2. Manage Your Information
Unplugging might not be an option at work, so you’re going to have to take another approach. There’s an onslaught of information at work but that doesn’t mean you have to respond to it immediately when it lands in your inbox.
Be more selective and prioritize your information. When you get an email, most likely you can tell from the subject line whether it needs a quick response or if you can put it aside for a while. Then have a dedicated period during the day in which you can go through your correspondences. Don’t forget a spam filter to keep the volume to a reasonable flood. These are key techniques and tools for email management.
3. Get Everyone Involved
There’s only so much you can do on your own in an office. While it’s important to control the information that crosses your desk, there is also more collective data that is beyond your power. You must develop a unified front, and deploy operational excellence, to defeat this invader.
That means creating an information strategy at work. Get buy-in from coworkers, who should be open to any excuse to reduce the exchange of unnecessary information. That could mean keeping paperwork to a minimum and only when essential and keeping meetings on point by having a defined and specific agenda. Of course, upgrading your project management software can help reduce unnecessary steps as well.
4. Keep It Simple
Information is redundant if it’s duplicated. You don’t need a carbon copy of everything, and you certainly don’t want to get the same notice over and over again. Therefore, do your best to make sure people know how to reach you, so they don’t inundate every channel that can get to you in order to make sure you get their note.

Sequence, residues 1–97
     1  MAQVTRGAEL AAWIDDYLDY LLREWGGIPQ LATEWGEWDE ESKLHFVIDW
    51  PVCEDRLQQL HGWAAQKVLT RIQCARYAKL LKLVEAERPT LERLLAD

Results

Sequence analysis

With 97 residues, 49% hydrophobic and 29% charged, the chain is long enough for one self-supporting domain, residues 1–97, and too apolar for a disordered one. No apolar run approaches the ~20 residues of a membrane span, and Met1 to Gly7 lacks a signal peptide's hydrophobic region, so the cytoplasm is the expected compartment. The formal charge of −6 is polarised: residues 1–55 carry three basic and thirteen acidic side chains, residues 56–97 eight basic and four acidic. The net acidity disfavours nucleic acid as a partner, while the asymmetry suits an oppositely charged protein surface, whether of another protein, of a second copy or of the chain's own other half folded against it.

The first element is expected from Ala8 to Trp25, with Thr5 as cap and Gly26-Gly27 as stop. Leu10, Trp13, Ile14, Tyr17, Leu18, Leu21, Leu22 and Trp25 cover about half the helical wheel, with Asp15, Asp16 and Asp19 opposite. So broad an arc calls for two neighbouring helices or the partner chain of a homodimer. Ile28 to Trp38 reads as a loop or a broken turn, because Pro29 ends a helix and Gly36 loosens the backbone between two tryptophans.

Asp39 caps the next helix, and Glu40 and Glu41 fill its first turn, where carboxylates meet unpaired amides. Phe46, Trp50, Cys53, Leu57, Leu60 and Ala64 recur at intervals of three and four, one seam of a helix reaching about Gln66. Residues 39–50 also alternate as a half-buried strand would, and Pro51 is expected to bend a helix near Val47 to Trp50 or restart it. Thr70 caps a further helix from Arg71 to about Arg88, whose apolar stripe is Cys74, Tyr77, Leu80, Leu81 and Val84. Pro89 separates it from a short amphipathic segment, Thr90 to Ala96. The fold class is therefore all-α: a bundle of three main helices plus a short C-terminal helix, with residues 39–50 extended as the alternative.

That means, be explicit about whether you prefer email, text or some other form of communication. If they need confirmation, let them tell you so you can respond, rather than having them call you to make sure you’ve received their missive. It’s remarkable how much information a person gets that just says the same thing on a different platform. (If you’re running a project, this is where a project communication plan can help clarify how the information will be distributed.)
5. Clear Your Mind
Think of it as housework. If you don’t sweep periodically, you’ll have a menagerie of dust bunnies. If you don’t clear your head, the important information will have a harder time clearing the hurdles of all that mental debris. Therefore, a regular “brain dump” is a great way to reset your head and keep that pesky information overload at bay.
One way to do this is the old-fashioned way, with pen and paper. Write down every thought that is interrupting your work. It’s odd, but once they’re on paper, they’re out of your head. In a sense, it allows your brain to focus on other things because you’ve stored information that was blocking it on a paper, the original external hard drive.
6. Set Limits
There’s something called the two-minute rule, which means spending only two minutes on a task. This is essentially giving yourself limits. One problem with information is that today there is always more and it’s easily accessible. From respected sources to anecdotal references, expert advice and commentary to opinions and rants, there’s no end to any subject.
But you can put an end to that with this time management strategy. Give yourself boundaries, which citations are valuable, and which are not? Also, how much time is worth the question and when does that time become an impediment to making a decision? Focus on the subject at hand, don’t multitask, but give the question the time it deserves and then pull the trigger on the decision.
7. Prepare for the Next Day
Well, you got through one day without information overload, now it’s time to set up the next to be as successful. This should be a daily practice, best to do it before you leave work if you’re thinking about the office, or before you go to bed if the target is more personal. This focus is a disciplined way to keep information overload under control.
One way to do this is by listing the top few tasks you have to tackle the next day. Prioritize them in a list to collect your thoughts about the coming day, which will also help you not waste time or energy on overthinking the work or being unable to manage it because it’s fast becoming due and breathing down your neck.
Was that too much information to take in? Hopefully, it’ll prove helpful and make your head clear to handle the day’s work. Once you’ve got the right mindset, then it’s time to equip yourself with the right tools. ProjectManager is a cloud-based project management software that facilitates workflow with kanban boards, task lists and a collaborative platform. Manage your information better with ProjectManager by taking this free 30-day trial today.